- Children Both an Eternal and Temporal Blessing: Recall that in the same way the relationships of both the Father to the Son and Christ to the Church are creative, so is marriage intended to be a creative relationship, and it is precisely this creative aspect wherein is found the greatest blessings of the relationship. Even apart from eternal blessings, we will do well to recognize in this temporal world that just as nobody cares more about a child than its own parents, so nobody cares more about an old person than their own children. Woe to those who have spurned their own children, or spurned having children, and are trusting in a government bureaucrat to care for them in their old age!
- Fruitlessness a Curse: We will also do well to consider Christ’s judgment upon the fruitless fig tree: Barren of an expected fruit it was cursed to remain fruitless forever: “No longer shall there ever be any fruit from you” (Mat 21:19; cf. Mar 11:20-21).
- The Relationship Between God’s Blessing and Fruitfulness: There is a very close relationship in Scripture between God’s blessing and being fruitful. We perhaps most often think of this relationship in terms of our need to be fruitful in order to receive God’s blessing, which is true; cf. Heb 6:7-8. However, we also need to understand that all of God’s blessings are for our fruitfulness; Isa 5:1-4, Eze 17:8, 34:26-27, Joh 15:8,16, Rom 7:4. Indeed, we need to understand that to be fruitful is a blessing from God; Gen 1:22,28, 9:1, 17:15-16,20, 24:60, 28:1-3, 35:9-11, 48:3-4, Exo 23:26, Deut 7:13-14, 28:4-5, Rut 4:11-14, Psa 127:3-5, 128:1-4; cf. Psa 1:1-3, Jer 17:7-8. The primary fruit of the marriage relationship is children, and thus we need to understand that children are God’s first and greatest blessing to man that make him rich in true eternal riches. It is for this reason that barrenness was consider in the Bible to be a reproach or even a curse; Gen 30:1, 1Sa 1:10-11, 2:20-21.
- Fruitfulness in the Modern Age: These truths help us to understand how contrary to God’s ways is the modern perspective that views a fruitfulness of children in the opposite manner as a curse to be prevented by “family planning”. As we have just seen repeatedly throughout Scripture, this perspective does not reflect the Spirit of God, but the spirit of the world. Those who resist God’s design, and command, to be fruitful should consider the lesson of the fruitless fig tree that was permanently cursed for its barrenness; so too is it the case that many who use “family planning” or even abortion to put off having children often find themselves infertile when they later try to have children. From a Biblical perspective, those who are deliberately barren in order to pursue their own desires are not blessing themselves as they suppose by not having children, but actually cursing themselves and their nation: As noted earlier, no one cares about an old person more than his own children. Moreover, as many nations of Europe and Japan have discovered, declining birth rates lead to aging populations that can be catastrophic economically since retired people don’t buy and consume to drive the production and innovation of a healthy economy. We should also consider that the Christian virtues of love, joy, peace, patience, kindness, goodness, faithfulness, gentleness, and self-control that prove a blessing to people over their lifetime are naturally more inherent to large families than small ones.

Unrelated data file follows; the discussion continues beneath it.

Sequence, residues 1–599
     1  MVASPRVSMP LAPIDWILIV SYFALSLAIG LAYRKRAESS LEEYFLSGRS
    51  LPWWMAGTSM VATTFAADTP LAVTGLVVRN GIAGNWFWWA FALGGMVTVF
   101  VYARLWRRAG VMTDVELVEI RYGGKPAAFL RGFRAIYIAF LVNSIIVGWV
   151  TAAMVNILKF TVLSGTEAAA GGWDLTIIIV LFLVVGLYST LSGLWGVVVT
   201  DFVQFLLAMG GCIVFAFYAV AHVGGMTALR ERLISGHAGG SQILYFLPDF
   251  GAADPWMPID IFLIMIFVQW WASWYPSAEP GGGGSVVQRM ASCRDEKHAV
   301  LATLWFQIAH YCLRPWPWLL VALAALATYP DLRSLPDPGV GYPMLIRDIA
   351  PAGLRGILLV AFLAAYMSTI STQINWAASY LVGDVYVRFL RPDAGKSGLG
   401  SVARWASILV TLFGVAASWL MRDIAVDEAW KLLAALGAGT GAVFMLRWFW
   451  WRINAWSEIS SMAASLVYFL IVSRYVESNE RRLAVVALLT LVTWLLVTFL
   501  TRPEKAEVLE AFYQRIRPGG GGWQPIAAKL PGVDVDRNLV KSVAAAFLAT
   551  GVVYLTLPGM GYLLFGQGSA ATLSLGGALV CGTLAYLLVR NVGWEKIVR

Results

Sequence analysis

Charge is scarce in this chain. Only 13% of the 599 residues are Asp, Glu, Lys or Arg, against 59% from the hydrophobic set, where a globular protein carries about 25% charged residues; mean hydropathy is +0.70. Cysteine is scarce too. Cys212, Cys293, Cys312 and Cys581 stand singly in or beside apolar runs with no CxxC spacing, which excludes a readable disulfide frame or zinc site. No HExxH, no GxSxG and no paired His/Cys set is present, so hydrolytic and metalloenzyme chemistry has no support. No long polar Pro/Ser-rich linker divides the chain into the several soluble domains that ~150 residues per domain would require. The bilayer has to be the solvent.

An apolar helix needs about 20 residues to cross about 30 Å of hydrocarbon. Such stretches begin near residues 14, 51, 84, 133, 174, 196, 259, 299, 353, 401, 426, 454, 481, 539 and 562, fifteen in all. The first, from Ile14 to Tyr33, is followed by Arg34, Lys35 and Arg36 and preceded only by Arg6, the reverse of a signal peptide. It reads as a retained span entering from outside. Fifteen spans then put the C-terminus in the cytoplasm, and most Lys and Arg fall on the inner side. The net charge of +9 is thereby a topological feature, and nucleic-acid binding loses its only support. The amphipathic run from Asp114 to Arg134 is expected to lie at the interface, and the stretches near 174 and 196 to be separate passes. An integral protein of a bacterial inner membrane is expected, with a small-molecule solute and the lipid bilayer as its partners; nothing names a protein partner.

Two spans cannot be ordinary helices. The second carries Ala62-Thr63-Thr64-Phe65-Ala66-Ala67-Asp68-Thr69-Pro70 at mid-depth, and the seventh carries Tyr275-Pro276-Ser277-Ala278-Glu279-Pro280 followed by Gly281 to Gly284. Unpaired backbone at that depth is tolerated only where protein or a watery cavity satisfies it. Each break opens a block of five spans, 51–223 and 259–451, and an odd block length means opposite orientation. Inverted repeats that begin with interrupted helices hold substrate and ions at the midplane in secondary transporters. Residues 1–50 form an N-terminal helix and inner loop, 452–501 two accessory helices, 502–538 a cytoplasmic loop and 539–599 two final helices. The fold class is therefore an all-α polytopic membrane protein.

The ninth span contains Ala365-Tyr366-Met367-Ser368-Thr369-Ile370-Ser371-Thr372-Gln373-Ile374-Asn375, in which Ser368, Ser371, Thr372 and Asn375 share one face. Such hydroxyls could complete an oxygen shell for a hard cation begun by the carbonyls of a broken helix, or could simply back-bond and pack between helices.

- There is More to Fruitfulness Than Quantity: We should not suppose because of the Biblical perspective of fruitfulness being a blessing that simply having many children will automatically be a blessing. Think: Is the blessing of a fruitful tree found only in the quantity of its fruit, or also in its quality? Is it a blessing when children are born outside of the covenant of marriage that secures the safe and stable environment for them to grow up and thrive in, or when the parents do not fulfill their God ordained roles and responsibilities to nurture and bring up their children in the way of the Lord? Consider again what a “little bastard” is and why it is a derogatory term. Children are like little trees in a garden: they have to be tended, nurtured, pruned, trained to grow in the right direction. Consider too the many ways that a couple must be blessed in order to provide for and nurture a large family in the Lord; see Gen 31:38-42. We see then that God’s blessing to be fruitful and multiply, whether physically or spiritually, is manifold and multifarious in nature; it is a blessing that affects every aspect of our lives and only happens in proportion to our faith and obedience to all the counsel of God. To be blessed with the fruitfulness that is a blessing is to be blessed with the constitution God originally intended for man: to labor faithfully in the garden with his helpmate, tending their plantings so they might grow to become trees of righteousness. Thus…